So begins Amy Tan’s third novel, The Hundred Secret Senses. Although it has flown up the best-seller lists in the month since its release, the book is a risky departure for the 43-year-old writer, with its emphasis on spirits, magical time-shifts and other unearthly phenomena.
Tan spoke enthusiastically about her book, but admitted that she feared it would be ridiculed as “Chinese superstition.” She sat for an interview on the balcony of her San Francisco home, where she surreptitiously lit up a cigarette.
“I don’t smoke in public, it’s not a good image, it’s not a good role model,” she apologized. “Not that I actively set out to be one.”
With her tiny Yorkshire terrier, Babbazo, snugly ensconced in her lap, Tan, a brilliant smile often belying the frankness of her words, talked about the burdens of fame, the world of Yin, and her struggles with her own emotional demons.
SALON: Have you felt the need to be a role model ever since the success of your first book, “The Joy Luck Club,” in 1989?
AMY TAN: I don’t feel the need to be a role model, it’s just something that’s been thrust upon me. Teachers and a lot of Asian-American organizations, for example, say to me, “We need you to come and speak to us because you’re a role model.”
Are you comfortable with that?
No. Placing on writers the responsibility to represent a culture is an onerous burden. Someone who writes fiction is not necessarily writing a depiction of any generalized group, they’re writing a very specific story. There’s also a danger in balkanizing literature, as if it should be read as sociology, or politics, or that it should answer questions like, “What does The Hundred Secret Senses have to teach us about Chinese culture?” As opposed to treating it as literature — as a story, language, memory.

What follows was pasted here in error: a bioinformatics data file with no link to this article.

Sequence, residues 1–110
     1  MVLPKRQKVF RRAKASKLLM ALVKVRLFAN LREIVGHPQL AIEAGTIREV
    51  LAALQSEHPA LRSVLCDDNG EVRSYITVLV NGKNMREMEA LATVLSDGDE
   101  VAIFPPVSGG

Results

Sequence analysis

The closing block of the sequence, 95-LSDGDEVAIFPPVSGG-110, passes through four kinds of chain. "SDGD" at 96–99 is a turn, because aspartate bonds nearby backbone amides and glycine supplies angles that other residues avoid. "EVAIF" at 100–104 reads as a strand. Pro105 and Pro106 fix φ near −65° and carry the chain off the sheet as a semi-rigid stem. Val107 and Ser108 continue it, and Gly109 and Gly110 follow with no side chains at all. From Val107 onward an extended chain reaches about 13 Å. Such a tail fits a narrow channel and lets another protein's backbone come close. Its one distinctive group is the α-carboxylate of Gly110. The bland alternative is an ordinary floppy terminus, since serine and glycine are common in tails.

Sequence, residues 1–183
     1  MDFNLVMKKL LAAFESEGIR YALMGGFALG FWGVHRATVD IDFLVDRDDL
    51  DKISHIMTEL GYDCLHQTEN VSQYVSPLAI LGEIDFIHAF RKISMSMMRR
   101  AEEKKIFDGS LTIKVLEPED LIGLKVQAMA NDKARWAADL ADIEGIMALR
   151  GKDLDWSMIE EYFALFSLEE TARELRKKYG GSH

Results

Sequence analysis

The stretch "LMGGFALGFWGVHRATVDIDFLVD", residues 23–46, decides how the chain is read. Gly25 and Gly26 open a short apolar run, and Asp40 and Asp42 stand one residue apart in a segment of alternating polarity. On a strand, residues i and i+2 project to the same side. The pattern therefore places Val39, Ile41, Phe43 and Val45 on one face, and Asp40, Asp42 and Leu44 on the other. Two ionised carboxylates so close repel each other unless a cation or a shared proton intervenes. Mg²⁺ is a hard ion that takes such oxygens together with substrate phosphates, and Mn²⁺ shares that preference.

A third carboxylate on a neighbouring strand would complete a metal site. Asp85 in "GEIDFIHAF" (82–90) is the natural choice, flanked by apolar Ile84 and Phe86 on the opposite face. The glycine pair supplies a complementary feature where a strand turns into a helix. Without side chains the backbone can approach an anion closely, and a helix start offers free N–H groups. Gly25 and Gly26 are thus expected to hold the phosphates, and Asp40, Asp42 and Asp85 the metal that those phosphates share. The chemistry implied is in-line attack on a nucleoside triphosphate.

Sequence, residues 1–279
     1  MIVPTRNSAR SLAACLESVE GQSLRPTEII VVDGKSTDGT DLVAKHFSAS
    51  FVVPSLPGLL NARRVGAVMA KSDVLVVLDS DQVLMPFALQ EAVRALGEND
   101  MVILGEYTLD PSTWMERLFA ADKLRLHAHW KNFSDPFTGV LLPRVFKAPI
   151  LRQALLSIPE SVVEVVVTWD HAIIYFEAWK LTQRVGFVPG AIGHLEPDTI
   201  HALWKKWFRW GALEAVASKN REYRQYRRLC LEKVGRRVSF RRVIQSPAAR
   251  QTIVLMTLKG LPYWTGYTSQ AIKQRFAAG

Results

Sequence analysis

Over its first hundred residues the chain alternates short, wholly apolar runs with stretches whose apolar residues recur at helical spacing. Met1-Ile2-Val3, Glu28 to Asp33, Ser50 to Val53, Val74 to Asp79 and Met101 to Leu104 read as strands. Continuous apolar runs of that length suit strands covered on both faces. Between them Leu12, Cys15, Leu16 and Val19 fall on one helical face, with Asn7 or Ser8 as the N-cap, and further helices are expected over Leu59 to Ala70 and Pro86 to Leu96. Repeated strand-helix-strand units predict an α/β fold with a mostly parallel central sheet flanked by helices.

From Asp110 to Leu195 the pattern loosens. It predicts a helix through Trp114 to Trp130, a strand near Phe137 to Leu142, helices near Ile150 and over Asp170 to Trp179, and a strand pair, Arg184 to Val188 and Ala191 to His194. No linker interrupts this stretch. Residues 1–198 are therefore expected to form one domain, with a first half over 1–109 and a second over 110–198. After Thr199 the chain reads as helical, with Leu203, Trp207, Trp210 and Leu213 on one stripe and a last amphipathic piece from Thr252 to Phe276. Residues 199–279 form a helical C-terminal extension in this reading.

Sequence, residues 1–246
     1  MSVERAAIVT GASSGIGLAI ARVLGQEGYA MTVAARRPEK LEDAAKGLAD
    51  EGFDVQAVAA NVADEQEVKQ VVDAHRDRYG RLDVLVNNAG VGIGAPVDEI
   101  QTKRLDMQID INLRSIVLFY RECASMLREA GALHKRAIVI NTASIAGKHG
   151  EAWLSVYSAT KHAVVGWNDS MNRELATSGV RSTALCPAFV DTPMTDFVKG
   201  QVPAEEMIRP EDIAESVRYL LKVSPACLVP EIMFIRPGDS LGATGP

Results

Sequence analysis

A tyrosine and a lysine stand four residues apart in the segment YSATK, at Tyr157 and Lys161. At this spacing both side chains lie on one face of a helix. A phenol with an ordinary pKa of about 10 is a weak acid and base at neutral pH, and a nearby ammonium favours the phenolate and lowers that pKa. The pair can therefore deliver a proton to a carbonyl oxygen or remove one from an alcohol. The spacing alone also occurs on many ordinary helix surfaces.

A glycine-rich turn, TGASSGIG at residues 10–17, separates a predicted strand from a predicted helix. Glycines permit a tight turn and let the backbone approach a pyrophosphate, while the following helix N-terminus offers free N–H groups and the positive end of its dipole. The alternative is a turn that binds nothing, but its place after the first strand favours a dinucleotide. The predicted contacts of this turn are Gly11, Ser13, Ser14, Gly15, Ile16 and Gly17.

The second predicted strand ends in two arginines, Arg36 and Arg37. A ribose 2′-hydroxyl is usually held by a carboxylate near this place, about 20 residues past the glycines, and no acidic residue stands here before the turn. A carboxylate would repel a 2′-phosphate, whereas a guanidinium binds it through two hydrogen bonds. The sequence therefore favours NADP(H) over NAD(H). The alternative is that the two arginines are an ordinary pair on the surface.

Are you finding more or less of that pressure to be categorized?
It’s lessening in the United States. Other Asian-American writers just shudder when they are compared to me; it really denigrates the uniqueness of their own work. I find it happening less here partly because people are more aware now of the flaws of political correctness — that literature has to do something to educate people. I don’t see myself, for example, writing about cultural dichotomies, but about human connections. All of us go through angst and identity crises. And even when you write in a specific context, you still tap into that subtext of emotions that we all feel about love and hope, and mothers and obligations and responsibilities.
Speaking of mothers, do you get a hard time from relatives or close friends who think they see themselves in your books? Any accusations of personal secrets being told or confidences betrayed?
I did, at one point. One relative felt that the story of my grandmother should not have been revealed. My grandmother was the woman (in The Kitchen God’s Wife) who had been raped, forced to be a concubine, and finally killed herself. My mother, though, got equally angry at the relative and said, “For so many years, I carried this shame on my back, and my mother suffered, because she couldn’t say anything to anybody.” And she said, “It’s not too late; tell the world, tell the world what happened to her.” And I take her mandate to be the one that is in my heart, the one that I should follow.
In “The Hundred Secret Senses,” you draw much more on the world of the spirit than in your previous books. Was that a theme that you had always wanted to tackle as a writer, or did more personal experiences compel you to address it?
It’s been a part of my life for at least the past 20 years. I’ve had a lot of death in my life, of people who have been close to me. So I’ve long thought about how life is influenced by death, how it influences what you believe in and what you look for. Yes, I think I was pushed in a way to write this book by certain spirits — the yin people — in my life. They’ve always been there, I wouldn’t say to help, but to kick me in the ass to write.